EEA 2016: Rivers and lakes in European cities. EEA Report No 26/2016. https://www.eea.europa.eu/publications/rivers-and-lakes-in-cities.

HELCOM: St. Petersburg http://www.portofhelsinki.fi/en/emagazine/baltic-sea-recovering

UBA 2018: Einträge von Nähr- und Schadstoffen in die Oberflächengewässer. https://www.umweltbundesamt.de/daten/wasser/fliessgewaesser/eintraege-von-naehr-schadstoffen-in-die#textpart-1

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Diffuse source pollution

In Europe, diffuse source pollution is mostly due to excessive emissions of nutrients (nitrogen and phosphorus) and chemicals such as pesticides. In the second RBMPs, Member States identified that diffuse pollution affects 37 % of surface water bodies[8] and 34 % of the area of groundwater bodies. Agricultural production is a major source of diffuse pollution affecting 68 % of water bodies affected by diffuse pollution pressures[9]. Further drivers include rural dwellings (emissions from households not connected to sewage systems), run-off from urban areas and forested land. Nutrient enrichment causes eutrophication, which in turn leads the loss of aquatic biodiversity and reduction of fish stocks. Excessive nutrient enrichment can be dangerous for human health, e.g. due to toxic algal blooms, and impair the use of drinking water and bathing.

The average nitrate concentration declined by 20 % in European rivers between 1992 and 2012, while already in 2011 groundwater nitrate concentrations almost returned to the levels in 1992 (Figure 6.6). The decline in nitrate concentration reflects the effects of measures to reduce agricultural emissions of nitrate, as well as improvements in wastewater treatment. Decreasing trends are more visible in rivers as they react fairly quickly to changes in nutrient surplus; in contrast, the comparatively long residence time of groundwater may cause delays in recovery in the order of years to decades between the application of nutrient control measures and measurable improvements in water quality.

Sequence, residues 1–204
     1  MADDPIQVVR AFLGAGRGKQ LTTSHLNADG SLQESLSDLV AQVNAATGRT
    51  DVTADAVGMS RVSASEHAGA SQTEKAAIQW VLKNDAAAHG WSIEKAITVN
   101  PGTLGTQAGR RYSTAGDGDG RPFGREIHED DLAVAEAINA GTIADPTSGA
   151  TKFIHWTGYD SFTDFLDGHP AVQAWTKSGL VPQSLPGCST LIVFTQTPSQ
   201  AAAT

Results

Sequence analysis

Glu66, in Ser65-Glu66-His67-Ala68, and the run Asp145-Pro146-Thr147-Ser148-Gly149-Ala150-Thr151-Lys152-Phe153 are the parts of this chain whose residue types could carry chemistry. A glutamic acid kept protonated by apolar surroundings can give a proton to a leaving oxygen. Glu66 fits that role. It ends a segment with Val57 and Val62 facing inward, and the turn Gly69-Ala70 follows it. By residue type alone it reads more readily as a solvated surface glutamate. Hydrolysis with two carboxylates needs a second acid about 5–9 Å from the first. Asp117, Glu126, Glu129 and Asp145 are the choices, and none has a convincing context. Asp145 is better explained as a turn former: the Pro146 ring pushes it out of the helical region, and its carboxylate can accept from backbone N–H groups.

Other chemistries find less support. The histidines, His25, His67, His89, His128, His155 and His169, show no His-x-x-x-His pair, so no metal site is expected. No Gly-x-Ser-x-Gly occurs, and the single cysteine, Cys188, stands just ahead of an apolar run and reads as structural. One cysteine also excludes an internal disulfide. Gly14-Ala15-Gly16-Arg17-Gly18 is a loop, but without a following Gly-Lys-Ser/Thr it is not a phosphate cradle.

Figure 6.6: Trend in water quality – nitrate in rivers and groundwater

Note: The diagram depicts two-time series: the longer time series has fewer stations (400) and the shorter time series has more (1242).

Source: Link

Note: The diagram depicts two-time series: the longer time series has fewer stations (1059) and the shorter time series has more (1653).

Source: Link


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Measures to reduce diffuse nutrient pollution.

EU action on curbing diffuse nutrient pollution has a long history[10], [11]. Measures taken in the last decades have resulted in a reduction of mineral fertilizer used and nutrient surpluses of agricultural origin have progressively decreased in the EU (Figure 6.7). Between 2000 and 2013, agricultural nitrogen surplus decreased by 7 % in the EU, while phosphorus surplus have decreased by 50 %[12].

Nevertheless, the overall level of fertilization remains high in parts of Europe. Large variations in the nitrogen and phosphorus surplus exist between Member States[13] and, on average fertiliser use has started increasing again in the last years.

Nutrient balances at river basin level are now used in several countries in order to define nutrient load reduction targets to support the achievement of WFD objectives. Member States have taken measures at the national level or at the level of the river basin (e.g. general binding rules, taxes, manure surplus management), while other measures are more local (e.g. protection of specific drinking water areas).